INNER JOIN
        @p_deletedAncestor deleAnc
        on
        mngnr.EmployeeID = deleAnc.EmployeeID;
    
    SET CONTEXT_INFO @vbPreExistingContextInfo;
END

Setting the context on the connection is also part of the strategy to prevent direct deletion of the mangineer. Recall that as per business rule A' in the section describing the Mangineer Rule above, without the mangineer row we can't have both manager and engineer rows, so we allow deletion through manager and engineer delete triggers only as above. In the sample code, you see I've again set the context. In any case, this snippet from the final trigger--an after delete trigger--on the mangineer table uses the context to prevent direct deletion:

if ( isnull( CONTEXT_INFO( ), -99999999 ) <> cast( @@spid as varbinary( 128 ) ) )
    begin 
        if( 0 <> XACT_STATE( ) ) begin ROLLBACK TRAN end;

        RAISERROR( 'Rows in table hr.T_Mangineer cannot be directly deleted.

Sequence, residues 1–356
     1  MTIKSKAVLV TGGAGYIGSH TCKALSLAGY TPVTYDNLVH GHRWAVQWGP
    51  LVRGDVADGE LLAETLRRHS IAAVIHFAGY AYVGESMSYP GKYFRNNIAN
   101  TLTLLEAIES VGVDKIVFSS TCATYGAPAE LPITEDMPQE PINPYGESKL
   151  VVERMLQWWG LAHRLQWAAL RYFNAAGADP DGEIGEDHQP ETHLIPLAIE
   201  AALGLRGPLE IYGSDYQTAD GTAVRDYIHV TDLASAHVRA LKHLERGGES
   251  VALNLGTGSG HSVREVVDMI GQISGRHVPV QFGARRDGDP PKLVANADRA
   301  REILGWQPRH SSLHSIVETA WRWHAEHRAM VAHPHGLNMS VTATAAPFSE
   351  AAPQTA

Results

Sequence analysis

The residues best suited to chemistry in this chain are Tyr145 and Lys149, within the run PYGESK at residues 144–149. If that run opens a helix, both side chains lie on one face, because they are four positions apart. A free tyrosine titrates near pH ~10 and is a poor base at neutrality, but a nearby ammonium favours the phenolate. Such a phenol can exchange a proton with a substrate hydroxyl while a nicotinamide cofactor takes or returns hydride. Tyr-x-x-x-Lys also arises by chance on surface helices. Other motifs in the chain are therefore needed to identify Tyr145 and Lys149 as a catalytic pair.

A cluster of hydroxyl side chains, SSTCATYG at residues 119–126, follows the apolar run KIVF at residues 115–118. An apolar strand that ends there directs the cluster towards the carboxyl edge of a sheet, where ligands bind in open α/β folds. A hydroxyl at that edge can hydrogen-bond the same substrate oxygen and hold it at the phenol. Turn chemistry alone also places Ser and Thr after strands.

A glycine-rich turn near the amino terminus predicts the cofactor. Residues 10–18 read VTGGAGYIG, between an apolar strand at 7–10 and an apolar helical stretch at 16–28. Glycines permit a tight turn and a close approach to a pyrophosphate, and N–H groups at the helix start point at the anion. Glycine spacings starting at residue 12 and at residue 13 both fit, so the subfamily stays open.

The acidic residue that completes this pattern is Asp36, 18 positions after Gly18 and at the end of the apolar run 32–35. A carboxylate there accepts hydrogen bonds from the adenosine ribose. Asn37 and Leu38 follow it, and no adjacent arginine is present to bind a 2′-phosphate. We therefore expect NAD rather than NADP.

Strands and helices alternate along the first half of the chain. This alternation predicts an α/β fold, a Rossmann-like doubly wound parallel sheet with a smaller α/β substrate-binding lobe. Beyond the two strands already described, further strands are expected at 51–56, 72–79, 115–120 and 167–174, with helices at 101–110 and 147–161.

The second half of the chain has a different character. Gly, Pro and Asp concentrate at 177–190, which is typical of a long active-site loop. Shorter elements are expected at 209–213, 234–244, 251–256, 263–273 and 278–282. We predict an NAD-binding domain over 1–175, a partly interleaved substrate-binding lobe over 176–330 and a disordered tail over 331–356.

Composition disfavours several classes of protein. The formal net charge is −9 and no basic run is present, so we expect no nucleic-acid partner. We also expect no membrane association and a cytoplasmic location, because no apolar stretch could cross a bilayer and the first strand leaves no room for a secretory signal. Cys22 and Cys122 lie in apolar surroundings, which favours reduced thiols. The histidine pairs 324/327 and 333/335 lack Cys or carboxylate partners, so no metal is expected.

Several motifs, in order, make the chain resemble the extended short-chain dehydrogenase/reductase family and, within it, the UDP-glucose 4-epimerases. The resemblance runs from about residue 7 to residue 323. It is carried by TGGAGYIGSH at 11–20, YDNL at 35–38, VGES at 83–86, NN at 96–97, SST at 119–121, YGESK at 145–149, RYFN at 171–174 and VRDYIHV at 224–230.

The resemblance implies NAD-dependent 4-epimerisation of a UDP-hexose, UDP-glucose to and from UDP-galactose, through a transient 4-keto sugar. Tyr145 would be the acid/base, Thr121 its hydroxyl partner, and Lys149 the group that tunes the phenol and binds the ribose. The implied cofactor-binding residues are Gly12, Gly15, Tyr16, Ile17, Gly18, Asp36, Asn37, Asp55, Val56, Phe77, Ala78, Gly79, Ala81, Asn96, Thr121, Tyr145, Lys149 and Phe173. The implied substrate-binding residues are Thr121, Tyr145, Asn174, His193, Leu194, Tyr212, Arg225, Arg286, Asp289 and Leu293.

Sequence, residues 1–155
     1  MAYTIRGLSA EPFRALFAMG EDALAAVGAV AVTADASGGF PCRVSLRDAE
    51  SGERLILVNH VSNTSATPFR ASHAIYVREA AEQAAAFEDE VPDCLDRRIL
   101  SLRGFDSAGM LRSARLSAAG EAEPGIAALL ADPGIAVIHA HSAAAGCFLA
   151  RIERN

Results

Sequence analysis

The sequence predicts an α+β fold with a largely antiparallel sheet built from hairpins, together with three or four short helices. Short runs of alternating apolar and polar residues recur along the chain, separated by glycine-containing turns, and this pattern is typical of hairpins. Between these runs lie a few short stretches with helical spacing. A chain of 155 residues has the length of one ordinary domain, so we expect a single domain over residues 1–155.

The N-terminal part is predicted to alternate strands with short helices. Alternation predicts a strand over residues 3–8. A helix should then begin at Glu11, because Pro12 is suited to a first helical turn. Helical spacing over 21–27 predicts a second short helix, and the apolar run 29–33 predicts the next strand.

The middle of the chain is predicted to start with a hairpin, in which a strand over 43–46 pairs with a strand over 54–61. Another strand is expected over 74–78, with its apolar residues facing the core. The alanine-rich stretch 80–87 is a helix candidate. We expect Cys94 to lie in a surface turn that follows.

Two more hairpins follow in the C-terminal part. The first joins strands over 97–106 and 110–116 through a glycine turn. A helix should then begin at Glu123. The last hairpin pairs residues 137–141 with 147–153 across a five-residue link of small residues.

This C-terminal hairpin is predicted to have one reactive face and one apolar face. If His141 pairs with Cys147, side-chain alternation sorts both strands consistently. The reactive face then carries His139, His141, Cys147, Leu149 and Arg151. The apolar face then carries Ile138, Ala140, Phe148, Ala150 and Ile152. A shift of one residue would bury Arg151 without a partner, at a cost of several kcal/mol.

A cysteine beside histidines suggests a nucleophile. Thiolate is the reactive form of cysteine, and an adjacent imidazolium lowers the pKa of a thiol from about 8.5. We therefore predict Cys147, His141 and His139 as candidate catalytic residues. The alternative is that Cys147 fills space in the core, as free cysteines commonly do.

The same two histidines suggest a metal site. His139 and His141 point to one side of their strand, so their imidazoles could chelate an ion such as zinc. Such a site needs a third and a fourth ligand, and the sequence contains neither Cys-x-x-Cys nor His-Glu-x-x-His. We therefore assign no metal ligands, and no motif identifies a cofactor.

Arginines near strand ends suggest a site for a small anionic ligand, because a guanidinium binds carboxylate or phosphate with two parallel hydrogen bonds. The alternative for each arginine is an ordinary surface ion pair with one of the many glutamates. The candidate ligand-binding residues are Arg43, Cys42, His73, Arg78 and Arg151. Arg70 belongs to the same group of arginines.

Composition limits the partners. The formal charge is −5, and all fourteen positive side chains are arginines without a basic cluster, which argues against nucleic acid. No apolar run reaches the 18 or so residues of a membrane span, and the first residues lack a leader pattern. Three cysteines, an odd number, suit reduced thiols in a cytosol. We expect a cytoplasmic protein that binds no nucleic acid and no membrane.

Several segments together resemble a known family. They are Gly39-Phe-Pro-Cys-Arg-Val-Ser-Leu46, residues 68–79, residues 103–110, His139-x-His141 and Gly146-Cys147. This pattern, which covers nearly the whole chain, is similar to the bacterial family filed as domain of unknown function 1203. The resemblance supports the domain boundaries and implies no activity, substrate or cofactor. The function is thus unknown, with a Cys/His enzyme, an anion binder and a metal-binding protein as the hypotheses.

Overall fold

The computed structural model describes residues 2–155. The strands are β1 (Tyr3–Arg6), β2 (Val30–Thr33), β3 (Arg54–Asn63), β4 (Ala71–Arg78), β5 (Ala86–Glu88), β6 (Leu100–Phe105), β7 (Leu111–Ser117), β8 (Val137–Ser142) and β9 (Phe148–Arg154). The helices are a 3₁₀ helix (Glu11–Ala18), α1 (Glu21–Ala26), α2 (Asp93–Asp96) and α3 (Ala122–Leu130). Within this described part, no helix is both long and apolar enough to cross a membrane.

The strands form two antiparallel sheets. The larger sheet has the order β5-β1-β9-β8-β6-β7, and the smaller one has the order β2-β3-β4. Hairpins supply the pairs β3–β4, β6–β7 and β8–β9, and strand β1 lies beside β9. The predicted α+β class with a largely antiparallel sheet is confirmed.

See the instead of delete triggers on hr.T_Manager and T_Engineer 
          for the correct CONTEXT_INFO( ) setting', 16, 0 );
    end;

Rolling Up and Down

In the section preceding, we considered cases in which the supertype and all subtypes from the logical design were implemented as tables. But in fact we have choices as to which entities become tables. We can merge tables in different ways: roll up all subtype tables into the supertype table; roll down the supertype among the subtypes; keep the supertype table while merging some of the subtypes in different ways...

We justify merging as a way to ease querying or simplify the design or lend better performance, but in practice we don't necessarily get any of these benefits; as always, it takes careful analysis of current and predicted usage patterns. And as always, we must still enforce all the business rules, and as without merging, triggers are often involved.

A corollary of the business rule enforcement statement above is that we must ensure that the data is the same as it would have been without merging.